- Write down the main concerns of your customers
When your clients go to sleep at night, what is on their mind? The thought sounds strange, but everybody has a motivation for buying a product or service.
For instance, the small business owner who is in their early 50's may be highly concerned with finances because his or her children are approaching college age. A minimum $35,000 annual tab will move someone. It will move someone quite quickly.
Simply knowing the few preceding thoughts of the buyer prior to inking the contract paves the way for the small business professional to determine where he or she fits into the buying equation in a clear-cut way that is enviable compared to some of the more convoluted aspects of buying and selling in business.
Figuring out this piece of the puzzle does not take a genius, yet implementing it will make one appear as so.
- Make a note of your prospective customer's competitors
Any small business owner who claims they know all of their competitors is a mathematical genius. My company's site yields over 400 hits a day. On a good day, someone will search the same term over 6 times.
The truth of the matter is that your clients don't know their competitors because they don't Google the right keywords when trying to find those competitors. Your clients have a biased view of the various search terms that are utilized to find their organization and subsequent competitors on the web.
Therefore, you must tell your clients who their competitors are. Know their competitors' strengths and weaknesses. Know how your product or service fits into the competitive landscape.
Simply shooting your client an email with a link and a brief note, "I found these guys on the web, do you know them?" will make them want to buy more and more from you.
Know why? It is called the law of reciprocity. To put it in proper context, people are more likely to buy from those who do them a favor.
- Sit down and formulate a plan to become a "necessary evil"
In business, I have become convinced that to play in the big leagues, you must become a necessary evil. Clients must be exceedingly compelled to buy your products or services regardless of whether they like you or not.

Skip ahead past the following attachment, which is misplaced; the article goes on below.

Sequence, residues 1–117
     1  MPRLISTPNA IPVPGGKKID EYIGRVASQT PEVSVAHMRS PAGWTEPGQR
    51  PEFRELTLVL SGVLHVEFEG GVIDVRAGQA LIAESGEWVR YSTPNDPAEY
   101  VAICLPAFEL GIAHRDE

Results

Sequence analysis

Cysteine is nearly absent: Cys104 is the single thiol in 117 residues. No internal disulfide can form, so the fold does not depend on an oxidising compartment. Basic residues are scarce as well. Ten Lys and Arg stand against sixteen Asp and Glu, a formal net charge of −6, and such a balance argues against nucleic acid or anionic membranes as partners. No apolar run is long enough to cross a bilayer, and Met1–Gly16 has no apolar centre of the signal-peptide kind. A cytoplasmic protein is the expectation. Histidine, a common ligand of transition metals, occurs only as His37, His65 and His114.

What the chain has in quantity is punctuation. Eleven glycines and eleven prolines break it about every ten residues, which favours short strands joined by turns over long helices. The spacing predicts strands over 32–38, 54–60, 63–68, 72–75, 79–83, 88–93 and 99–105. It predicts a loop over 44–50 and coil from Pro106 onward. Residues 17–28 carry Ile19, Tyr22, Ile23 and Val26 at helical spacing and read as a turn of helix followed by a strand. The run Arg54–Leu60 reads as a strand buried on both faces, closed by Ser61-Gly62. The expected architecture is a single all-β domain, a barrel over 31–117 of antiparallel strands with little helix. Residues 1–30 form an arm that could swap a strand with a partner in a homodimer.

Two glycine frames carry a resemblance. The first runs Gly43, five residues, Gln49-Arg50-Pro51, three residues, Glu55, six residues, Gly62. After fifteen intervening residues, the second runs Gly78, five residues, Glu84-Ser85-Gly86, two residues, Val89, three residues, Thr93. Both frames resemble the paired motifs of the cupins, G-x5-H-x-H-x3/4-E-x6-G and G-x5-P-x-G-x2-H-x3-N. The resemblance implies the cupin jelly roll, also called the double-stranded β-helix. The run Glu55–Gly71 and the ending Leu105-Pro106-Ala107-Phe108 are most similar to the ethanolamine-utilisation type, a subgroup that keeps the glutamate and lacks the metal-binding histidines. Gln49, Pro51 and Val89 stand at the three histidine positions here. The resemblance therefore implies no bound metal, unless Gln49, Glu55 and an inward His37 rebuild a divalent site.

Companies and people like Wal-Mart, Trump, Goldman Sachs and a million others have all received terrible press at one point or another, yet they still exist and still continue to expand in size and popularity.
How do you know if you're a necessary evil? See if you have the guts to fire a client, then fire another one all while maintaining the confidence that bottom line growth will not even flinch.
Blueprint out how to do this and you're rapidly moving in the right direction.
- Write down what the customer's overall goals are and how you fit into the equation
It is imperative that you know why your customers are using your product or service. The reason behind their ambitions to write you that check may be different than you perceive it to be.
For instance, when I was interviewing publicists for my company, we had two women come in from an agency to pitch us their services.
I use the term "pitch" because instead of asking questions and figuring out what I wanted, they morphed into a speaking brochure. They discussed that I would get a ton of website hits when I got on daytime television only to realize that my prospective clients are all working during the day.
My goals were entirely different as well as my marketing vision.

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